As they exist nowadays most are very shallow and tend to collect water during winter which then evaporates every summer in the heat leaving behind salt crystals and mineralization. They usually occur at slightly lower terrains and as a result water courses tend to be integrated with them. Which came first is debated.
Western Australia has a large fault line that runs North South along its western Shore line called the Darling Scarp which collapsed in prehistory. As a result on the Western Shoreline if these occur within 20 to 40kms of the coast they are usually connected to collapsing limestone formations. The ones inland though are more interesting as these are over granite hard rock. Most are isolated and not part of river courses, but are lower points in the ground. Western Australian is very flat in these regions, so shallow depressions normally form isolated winter lakes. They also have higher concentrations in the lower South west, or are able to be recognised easier due to land clearing, and less desertification.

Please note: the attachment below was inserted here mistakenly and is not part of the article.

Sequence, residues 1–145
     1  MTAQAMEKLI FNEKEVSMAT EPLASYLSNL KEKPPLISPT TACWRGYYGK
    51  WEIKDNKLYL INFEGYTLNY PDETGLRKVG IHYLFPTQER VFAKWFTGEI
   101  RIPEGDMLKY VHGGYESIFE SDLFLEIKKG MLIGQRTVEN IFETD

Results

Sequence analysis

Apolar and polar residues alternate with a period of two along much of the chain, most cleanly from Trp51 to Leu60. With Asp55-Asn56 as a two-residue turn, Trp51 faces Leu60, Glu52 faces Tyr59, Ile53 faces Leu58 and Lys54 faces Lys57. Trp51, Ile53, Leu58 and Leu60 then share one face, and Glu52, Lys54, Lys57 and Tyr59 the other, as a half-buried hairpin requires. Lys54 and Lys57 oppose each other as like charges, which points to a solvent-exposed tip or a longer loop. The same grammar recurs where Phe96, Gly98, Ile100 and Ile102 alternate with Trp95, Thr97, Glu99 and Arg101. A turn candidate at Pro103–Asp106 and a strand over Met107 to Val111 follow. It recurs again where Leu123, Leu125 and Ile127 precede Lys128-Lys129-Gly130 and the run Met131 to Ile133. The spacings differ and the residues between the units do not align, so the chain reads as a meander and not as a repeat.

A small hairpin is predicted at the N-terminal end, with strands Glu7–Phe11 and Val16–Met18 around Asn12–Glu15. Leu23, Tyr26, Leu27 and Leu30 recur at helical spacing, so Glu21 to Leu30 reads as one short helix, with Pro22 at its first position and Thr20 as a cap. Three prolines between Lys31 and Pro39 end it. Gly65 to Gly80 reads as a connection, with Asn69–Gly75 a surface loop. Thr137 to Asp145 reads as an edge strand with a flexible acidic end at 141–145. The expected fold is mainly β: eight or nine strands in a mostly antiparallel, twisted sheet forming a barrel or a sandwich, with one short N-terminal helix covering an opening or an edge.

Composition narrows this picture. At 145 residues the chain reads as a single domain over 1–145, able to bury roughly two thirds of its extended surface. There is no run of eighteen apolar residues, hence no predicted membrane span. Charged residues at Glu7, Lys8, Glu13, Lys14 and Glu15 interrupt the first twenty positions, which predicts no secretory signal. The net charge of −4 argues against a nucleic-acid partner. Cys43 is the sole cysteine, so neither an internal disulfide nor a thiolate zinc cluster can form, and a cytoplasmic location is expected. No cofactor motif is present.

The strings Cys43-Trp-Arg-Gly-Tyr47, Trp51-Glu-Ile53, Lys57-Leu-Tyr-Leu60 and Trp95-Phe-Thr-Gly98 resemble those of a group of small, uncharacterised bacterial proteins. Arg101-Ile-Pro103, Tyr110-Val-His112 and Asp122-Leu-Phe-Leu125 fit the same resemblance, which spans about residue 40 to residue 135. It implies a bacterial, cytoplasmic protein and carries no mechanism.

I will do some more research and report back. In the mean time here are some more in the region.
33° 35’15.93″S, 118° 31′ 8.92″E
29° 36’16.24″S, 115° 48′ 49.41″E
30° 08’12.59″S, 116° 21′ 48.28″E
33° 38’15.96″S, 118° 32′ 26.39″E
All the best Russell
I popped these coordinates into
Google Earth. Very impressive.
Meteoritic impact is no longer widely regarded as a plausible hypothesis.’
‘If bays can no longer be restricted to a single physiographic province and the list of potential terrestrial hypotheses is correspondingly reduced to subaerial mechanisms, the extraterrestrial hypothesis gains more credence and warrants additional study.’
This article contains the first aerial photo of Carolina Bays, taken in 1930: http://bbs.keyhole.com/ubb/ubbthreads.php?ubb=showflat&Number=40692